Pakistan's Prime Minister Yousuf Raza Gilani (R) and Iranian President Mahmoud Ahmadinejad arrive for a meeting at the Prime Minister House in Islamabad on Thursday.
Credit Aamir Qureshi / AFP/Getty Images
The world of international relations seems to have focused on Pakistan today: The president of Iran and the president of Afghanistan both made their way to the country just as tensions between Iran and Israel made the news and just as reports emerged that the U.S. and the Taliban were beginning secret talks.
The official agenda of the meetings is to discuss counter-terrorism and transnational organized crimes at a regional conference tomorrow in Islamabad.
A French gunner mans a machine gun in a Puma helicopter as it flies over Afghanistan. French President Nicolas Sarkozy recently ordered the withdrawal of all French troops from the country a year ahead of schedule.
Uncertainties surrounding the future of the NATO mission in Afghanistan are of particular concern for an area near Kabul that French troops have controlled for the past decade. France now plans to withdraw its army a year ahead of schedule, sparking fears of a potential crisis in Kapisa province.
On a plateau amid the towering Hindu Kush mountains, Hukum Khan, a 31-year-old Afghan farmer, says the presence of French troops hasn't made much difference in his life in the past 10 years.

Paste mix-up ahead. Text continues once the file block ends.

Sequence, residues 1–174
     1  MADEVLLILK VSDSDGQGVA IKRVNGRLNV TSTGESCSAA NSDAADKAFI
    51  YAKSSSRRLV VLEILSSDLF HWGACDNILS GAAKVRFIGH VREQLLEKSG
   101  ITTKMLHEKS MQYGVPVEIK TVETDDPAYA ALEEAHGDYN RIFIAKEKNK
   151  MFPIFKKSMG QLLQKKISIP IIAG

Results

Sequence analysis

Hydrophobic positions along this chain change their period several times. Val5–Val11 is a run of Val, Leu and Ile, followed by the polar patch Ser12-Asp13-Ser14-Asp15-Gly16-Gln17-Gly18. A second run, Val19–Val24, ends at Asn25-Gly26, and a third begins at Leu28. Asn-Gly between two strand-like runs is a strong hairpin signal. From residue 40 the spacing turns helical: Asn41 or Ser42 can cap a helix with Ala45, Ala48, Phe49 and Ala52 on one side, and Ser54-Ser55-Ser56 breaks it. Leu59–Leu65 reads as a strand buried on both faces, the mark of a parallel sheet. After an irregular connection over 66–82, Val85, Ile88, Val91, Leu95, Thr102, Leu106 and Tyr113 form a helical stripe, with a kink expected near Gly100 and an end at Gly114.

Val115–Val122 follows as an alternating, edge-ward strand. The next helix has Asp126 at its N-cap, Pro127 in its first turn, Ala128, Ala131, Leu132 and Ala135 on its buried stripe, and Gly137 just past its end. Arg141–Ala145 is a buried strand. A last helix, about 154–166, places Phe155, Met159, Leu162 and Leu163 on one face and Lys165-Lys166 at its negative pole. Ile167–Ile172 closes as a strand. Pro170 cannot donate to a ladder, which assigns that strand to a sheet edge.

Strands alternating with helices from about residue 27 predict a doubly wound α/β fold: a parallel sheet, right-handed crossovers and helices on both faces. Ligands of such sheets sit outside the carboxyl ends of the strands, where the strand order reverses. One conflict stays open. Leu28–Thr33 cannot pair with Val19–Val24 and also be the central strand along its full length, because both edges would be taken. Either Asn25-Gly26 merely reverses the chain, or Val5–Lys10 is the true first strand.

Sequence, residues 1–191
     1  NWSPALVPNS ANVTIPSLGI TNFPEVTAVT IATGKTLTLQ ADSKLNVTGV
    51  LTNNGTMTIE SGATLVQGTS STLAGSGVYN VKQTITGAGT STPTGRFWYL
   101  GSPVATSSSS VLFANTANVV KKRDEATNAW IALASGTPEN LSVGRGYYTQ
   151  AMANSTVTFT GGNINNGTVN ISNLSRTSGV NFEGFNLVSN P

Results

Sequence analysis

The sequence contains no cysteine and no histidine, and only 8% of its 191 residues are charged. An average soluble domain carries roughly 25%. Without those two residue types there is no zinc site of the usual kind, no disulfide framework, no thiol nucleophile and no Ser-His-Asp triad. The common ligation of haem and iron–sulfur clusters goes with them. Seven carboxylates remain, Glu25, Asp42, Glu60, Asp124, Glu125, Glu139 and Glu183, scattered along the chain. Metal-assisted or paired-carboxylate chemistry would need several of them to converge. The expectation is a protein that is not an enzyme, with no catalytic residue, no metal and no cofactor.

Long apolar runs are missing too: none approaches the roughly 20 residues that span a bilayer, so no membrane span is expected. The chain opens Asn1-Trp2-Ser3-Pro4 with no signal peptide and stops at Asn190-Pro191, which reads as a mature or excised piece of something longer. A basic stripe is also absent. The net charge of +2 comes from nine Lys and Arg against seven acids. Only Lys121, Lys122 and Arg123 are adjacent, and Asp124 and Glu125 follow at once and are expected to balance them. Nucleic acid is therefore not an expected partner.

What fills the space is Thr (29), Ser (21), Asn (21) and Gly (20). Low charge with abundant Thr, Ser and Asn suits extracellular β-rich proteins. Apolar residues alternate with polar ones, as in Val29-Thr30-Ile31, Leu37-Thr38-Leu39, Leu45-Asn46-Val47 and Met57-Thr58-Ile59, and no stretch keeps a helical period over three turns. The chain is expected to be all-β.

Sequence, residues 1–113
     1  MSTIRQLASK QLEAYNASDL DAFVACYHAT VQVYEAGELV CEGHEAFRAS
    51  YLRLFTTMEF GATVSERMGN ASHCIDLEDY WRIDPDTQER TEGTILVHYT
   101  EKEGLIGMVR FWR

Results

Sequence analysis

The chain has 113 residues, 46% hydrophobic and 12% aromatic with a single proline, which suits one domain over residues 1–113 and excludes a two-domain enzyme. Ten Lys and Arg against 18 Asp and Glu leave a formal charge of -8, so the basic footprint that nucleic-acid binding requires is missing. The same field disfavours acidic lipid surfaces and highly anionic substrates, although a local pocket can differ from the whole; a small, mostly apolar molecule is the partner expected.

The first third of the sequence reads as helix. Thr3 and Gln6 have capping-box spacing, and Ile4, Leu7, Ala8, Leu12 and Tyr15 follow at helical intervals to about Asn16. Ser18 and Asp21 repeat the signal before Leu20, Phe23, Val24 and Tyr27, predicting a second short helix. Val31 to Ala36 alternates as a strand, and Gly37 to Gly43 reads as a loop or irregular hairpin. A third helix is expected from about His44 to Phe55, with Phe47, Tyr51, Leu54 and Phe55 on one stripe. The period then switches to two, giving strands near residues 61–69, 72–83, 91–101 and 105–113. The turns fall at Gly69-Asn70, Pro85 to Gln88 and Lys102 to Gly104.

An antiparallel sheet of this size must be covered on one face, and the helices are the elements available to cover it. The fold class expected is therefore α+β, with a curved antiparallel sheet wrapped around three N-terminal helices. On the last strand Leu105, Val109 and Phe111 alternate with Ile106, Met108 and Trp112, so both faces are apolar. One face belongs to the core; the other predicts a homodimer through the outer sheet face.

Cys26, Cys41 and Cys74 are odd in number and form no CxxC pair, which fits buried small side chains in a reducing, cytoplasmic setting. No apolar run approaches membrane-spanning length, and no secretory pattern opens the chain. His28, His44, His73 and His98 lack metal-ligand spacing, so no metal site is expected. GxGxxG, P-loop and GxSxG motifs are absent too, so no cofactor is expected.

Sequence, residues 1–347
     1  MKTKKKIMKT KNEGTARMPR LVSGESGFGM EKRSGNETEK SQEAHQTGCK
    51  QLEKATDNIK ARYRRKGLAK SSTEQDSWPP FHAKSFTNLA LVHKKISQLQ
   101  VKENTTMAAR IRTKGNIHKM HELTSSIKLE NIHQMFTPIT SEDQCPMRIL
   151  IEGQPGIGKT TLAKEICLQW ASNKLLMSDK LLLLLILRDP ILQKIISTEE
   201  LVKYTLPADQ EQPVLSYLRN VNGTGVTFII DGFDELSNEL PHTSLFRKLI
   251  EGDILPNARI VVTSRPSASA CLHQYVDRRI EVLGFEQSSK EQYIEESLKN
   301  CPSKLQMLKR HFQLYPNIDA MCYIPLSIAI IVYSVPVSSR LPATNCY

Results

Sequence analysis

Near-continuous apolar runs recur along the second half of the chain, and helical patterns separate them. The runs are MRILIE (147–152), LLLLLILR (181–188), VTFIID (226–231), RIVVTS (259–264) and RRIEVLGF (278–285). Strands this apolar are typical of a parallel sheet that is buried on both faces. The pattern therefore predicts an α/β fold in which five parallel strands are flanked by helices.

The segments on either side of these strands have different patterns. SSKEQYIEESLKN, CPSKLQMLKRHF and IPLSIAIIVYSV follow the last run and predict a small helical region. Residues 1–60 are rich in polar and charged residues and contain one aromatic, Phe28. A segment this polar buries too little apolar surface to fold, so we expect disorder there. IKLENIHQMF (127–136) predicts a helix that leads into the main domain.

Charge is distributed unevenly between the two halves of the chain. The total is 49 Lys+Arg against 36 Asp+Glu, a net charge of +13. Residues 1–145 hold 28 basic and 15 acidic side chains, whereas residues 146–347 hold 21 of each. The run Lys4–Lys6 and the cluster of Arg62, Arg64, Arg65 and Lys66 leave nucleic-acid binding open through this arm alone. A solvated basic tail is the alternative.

Afghan men walk past American soldiers in Ghazni province on Thursday. U.S. and Afghan officials are in talks that will determine how many American troops stay in Afghanistan after the NATO mission ends in 2014.
After a long hiatus, the Afghan and U.S. governments this week reopened talks on a strategic partnership that will determine how many American troops stay in Afghanistan past the end of the NATO mission in 2014.
Taliban fighters walk with their weapons after joining Afghan government forces during a ceremony in Herat province, last month. Thirty fighters left the Taliban to join government forces in western Afghanistan. The Taliban announced recently that they would open a political office in Qatar ahead of talks with Washington.
Credit Aref Karimi / AFP/Getty Images
The surprise announcement last month that the U.S. and the Taliban could soon begin peace talks in the Gulf state of Qatar may have increased the chances of a negotiated settlement in Afghanistan.
But Afghans are treating the prospect with equal measures of hope and suspicion — perhaps more of the latter from the government of President Hamid Karzai.